- Ein Ayah
Slipping into the Darkness of Individual Focus
What is bein hashemashot (halachic twilight)? From the time the sun sets, as long as the east side of the sky has redness. When the bottom side has darkened and the top has not, this is still bein hashemashot. When the top part darkens and is the same color as the bottom, this is night. The preceding is the opinion of Rabbi Yehuda.
Gemara: What is bein hashemashot (halachic twilight)? From the time the sun sets, as long as the east side of the sky has redness. When the bottom side has darkened and the top has not, this is still bein hashemashot. When the top part darkens and is the same color as the bottom, this is night. The preceding is the opinion of Rabbi Yehuda.
Ein Ayah: The phenomenon of day and night and the transition and relationship between them reminds us of the approach to historical periods in the annals of the Jewish people that can be compared to day and night. Day represents times of liberation and glory, and night represents times of deterioration.
The fundamental difference between these periods is that in the time of greatness, matters relating to the collective have the greatest prominence, and all individuals find happiness and pride in the success of the collective. A situation of "daylight" means that the actions of society are so great that they swallow up the tendency toward individualism.
When the nation declines, destruction sets in. The people are scattered, their centers are destroyed, and the spirit of the collective is lost. "The sun sets, and night falls." Elements of national life disappeared when our Glorious House was destroyed and our unifying capital city lost its centrality. One needs to define the extent to which the national spirit declined in order to set new boundaries between public and private life and calibrate their interaction.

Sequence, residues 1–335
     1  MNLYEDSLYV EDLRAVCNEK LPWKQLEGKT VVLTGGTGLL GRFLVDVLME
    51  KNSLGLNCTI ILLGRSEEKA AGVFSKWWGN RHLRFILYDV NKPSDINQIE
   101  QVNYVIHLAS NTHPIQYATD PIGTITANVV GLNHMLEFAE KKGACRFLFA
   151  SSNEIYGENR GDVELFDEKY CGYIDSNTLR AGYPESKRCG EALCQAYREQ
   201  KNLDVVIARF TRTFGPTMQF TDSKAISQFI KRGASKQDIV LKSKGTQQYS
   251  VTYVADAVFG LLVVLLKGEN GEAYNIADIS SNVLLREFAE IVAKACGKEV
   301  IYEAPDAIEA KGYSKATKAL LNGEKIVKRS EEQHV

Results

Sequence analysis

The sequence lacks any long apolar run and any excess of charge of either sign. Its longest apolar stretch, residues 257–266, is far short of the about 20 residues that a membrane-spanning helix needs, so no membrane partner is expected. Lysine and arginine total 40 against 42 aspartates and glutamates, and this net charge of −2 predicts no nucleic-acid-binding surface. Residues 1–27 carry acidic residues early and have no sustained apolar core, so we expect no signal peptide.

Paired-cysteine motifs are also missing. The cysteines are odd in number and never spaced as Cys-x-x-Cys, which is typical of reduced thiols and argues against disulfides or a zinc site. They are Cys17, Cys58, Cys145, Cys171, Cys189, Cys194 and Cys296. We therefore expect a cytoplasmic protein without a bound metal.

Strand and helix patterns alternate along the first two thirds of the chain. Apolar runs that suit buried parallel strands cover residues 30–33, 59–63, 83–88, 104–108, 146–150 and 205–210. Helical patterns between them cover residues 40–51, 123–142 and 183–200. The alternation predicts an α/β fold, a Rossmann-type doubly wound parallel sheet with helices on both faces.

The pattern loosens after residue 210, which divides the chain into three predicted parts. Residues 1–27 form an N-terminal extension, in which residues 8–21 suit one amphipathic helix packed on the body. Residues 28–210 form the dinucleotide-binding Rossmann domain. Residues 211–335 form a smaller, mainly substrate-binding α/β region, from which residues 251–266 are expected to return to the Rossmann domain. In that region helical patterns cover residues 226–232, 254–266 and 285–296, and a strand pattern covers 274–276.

This is important because even after the kingdom ceased, the Temple was destroyed, and the nation was scattered, Hashem still preserved for us a situation in which there were rays of light and the "eastern sky had a rosy glow." The nation still remembered well its glory, and its connection to their collective successes lived powerfully in its heart.
In the first stage after destruction, the individual felt the loss, even in his personal life in regard to his material state, so that this part of his life could not be complete and full of light. However, in the element of his spirit, there was still a connection to the days of glory, and there was still a connection to the era of liberation.
As time moved on, any connection to the time of independence and national success disappeared, and the last vestige of connection to the national era was lost in the lower realm. However, as long as the individual still felt the spirit of strength and felt a connection to the spiritual grandeur that existed in the upper realm, it was still bein hashemashot. There was a mixture of exile and liberation interplaying within the person.
Once even the upper, spiritual realm only had a connection to the individual, not the collective, this already signaled the era of night, of exile. All of these matters are a function of time. As more time goes by from the previous period to the one in which people are now living, the connection lessens. Over time, the dominion of the collective is darkened, as this element of life is lost, and the life of the individual, with its focus on matters of little significance, takes its place. Then darkness of full night becomes fully palpable.